The New Year Has Started, So It Must Be SQL Saturday Nashville Time!

Happy New Year everyone! Hope the holiday season’s passing finds you well rested, well fed, and ready to hit the ground running. As year’s go, it was a relatively great year last year… as far as the SQL community goes in any case. But now that 2019 has started, it is time to get back down to business…

The first bit of business for me is to dust off, update, and get ready to give a presentation for SQL Saturday Nashville in just 10 days! It is always a delight to head back to the city where I lived the longest part of my life. The food, the entertainment, the sights, and more importantly, since these SQL Saturday trips are pretty much whirlwind affairs where I never get to do much of those things… hang out with a a great group of folks at the center of the local SQL community for a day.

This year, I will be presenting a session that I haven’t done for quite a while, but I submitted it again because last year when I was doing my full day database design session, I realized how much fun it was to simply discuss the things that make a database great, because it often gets lost in the process because users don’t so much see the database as they do feel it. The goal naturally is for this to be a pleasant experience all around, so it is important to think about all different characteristics necessary for a great database.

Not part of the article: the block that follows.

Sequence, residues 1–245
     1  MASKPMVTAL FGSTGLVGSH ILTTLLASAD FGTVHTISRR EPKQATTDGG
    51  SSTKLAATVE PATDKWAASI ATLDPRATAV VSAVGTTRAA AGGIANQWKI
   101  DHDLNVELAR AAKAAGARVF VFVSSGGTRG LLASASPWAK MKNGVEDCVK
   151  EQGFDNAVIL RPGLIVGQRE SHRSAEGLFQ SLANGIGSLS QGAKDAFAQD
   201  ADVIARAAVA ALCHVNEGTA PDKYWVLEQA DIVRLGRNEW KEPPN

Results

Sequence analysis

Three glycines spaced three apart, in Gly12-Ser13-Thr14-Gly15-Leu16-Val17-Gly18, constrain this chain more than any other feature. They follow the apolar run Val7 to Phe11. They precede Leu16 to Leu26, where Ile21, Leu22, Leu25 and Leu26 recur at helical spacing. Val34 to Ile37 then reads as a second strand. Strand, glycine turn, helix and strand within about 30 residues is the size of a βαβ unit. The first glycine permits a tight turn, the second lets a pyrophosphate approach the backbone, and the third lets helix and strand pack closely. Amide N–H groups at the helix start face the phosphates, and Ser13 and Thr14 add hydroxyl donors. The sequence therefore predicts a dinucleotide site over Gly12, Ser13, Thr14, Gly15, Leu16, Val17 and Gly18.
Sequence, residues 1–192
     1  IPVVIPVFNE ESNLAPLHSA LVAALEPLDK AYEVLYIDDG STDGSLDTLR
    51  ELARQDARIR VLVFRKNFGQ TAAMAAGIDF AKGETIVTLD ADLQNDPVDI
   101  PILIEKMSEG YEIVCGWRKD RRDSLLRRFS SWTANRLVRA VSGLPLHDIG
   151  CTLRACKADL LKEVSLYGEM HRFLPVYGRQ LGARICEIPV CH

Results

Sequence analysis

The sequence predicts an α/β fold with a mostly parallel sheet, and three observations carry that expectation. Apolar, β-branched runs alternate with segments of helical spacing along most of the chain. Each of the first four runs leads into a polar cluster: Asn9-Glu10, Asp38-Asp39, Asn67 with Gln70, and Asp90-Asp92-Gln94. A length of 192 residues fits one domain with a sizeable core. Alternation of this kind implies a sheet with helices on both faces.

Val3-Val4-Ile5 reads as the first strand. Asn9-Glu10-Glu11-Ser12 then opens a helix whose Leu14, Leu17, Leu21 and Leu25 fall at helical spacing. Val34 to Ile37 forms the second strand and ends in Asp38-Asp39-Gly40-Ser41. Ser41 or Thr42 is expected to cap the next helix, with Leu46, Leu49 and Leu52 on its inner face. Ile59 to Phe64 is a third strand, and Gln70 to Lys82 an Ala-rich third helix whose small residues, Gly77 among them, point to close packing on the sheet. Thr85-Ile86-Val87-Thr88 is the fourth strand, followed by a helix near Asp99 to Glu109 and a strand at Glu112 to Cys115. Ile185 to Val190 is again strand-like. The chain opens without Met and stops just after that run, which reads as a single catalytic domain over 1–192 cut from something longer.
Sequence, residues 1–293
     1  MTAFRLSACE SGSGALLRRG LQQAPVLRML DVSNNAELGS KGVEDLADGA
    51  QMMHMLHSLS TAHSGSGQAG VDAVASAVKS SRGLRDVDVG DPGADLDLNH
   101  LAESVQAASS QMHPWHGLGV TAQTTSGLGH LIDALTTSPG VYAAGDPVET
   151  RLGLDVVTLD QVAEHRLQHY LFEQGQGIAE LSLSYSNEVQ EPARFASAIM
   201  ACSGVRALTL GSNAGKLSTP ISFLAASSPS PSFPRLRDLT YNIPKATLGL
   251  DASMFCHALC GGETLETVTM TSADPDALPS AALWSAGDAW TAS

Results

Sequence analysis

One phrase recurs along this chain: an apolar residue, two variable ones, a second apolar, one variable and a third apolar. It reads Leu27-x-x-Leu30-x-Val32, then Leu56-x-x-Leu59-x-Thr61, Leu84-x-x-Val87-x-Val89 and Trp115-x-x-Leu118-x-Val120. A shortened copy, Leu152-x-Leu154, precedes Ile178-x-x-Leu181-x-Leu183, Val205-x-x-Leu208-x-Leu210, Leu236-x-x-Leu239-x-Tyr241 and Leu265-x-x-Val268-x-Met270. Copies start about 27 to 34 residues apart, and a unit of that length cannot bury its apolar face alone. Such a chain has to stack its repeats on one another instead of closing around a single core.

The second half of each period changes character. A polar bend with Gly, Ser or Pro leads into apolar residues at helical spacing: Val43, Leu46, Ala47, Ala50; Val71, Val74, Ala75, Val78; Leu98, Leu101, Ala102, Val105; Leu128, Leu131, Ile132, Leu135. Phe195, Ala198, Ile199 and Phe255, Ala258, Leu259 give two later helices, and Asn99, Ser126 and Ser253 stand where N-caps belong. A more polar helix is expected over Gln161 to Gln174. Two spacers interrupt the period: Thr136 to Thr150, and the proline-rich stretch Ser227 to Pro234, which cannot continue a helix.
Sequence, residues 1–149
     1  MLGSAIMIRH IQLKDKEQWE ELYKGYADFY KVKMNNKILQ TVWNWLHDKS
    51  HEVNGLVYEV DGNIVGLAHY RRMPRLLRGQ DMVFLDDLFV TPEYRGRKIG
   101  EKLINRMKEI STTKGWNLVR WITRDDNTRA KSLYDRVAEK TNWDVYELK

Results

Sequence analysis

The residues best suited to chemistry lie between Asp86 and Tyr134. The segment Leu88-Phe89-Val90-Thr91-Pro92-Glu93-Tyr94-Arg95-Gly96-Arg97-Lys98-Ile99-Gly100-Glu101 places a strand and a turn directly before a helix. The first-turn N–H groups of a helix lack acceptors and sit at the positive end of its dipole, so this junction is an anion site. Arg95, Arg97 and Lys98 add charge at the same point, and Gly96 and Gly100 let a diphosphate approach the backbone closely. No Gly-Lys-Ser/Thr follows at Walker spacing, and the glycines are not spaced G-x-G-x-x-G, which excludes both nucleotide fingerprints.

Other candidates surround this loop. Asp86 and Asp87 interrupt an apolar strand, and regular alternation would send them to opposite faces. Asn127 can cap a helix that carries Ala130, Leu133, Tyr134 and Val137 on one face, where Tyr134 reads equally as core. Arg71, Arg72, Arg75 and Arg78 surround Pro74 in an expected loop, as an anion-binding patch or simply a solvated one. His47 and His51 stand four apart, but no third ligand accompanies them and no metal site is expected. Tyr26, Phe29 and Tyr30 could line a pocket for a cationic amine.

Characteristics of a Great Relational Database

When queried, most database professionals would mention normalized as one of the most important characteristics that tell the difference between a good and bad relational database design (whether they know what the term “normalized” means or not.) Normalization is a key to great relational designs, but there is so much more to be considered. A normalized database that suffers from poor naming, too many or too few indexes, terrible interfaces, and so on can derail your design’s value to the user. In this session I will present primary characteristics of a design that differentiates between an ugly design that will have your colleagues nitpicking you to death and one that will have them singing your praises. Characteristics such as comprehendible, documented, secure, well performing, and more (including normalized, naturally) will be discussed.

If you aren’t into database design (which would be a lot of people who design databases, sadly :)), there are a lot of other great sessions by many people I call friend. I won’t even try to name them, for fear of boring you and/or leaving out someone. You can check out the slate of speakers here on the schedule: Suffice it to say that there are more than enough great names and sessions on the schedule that I would have driven up on a Saturday to see regardless of whether I was speaking or not (and on a day of the NFL football playoff season… this is quite an endorsement coming from me.)

Hope to see you there! Register here:, and if you can, support the event even more by registering for one of their pre-cons!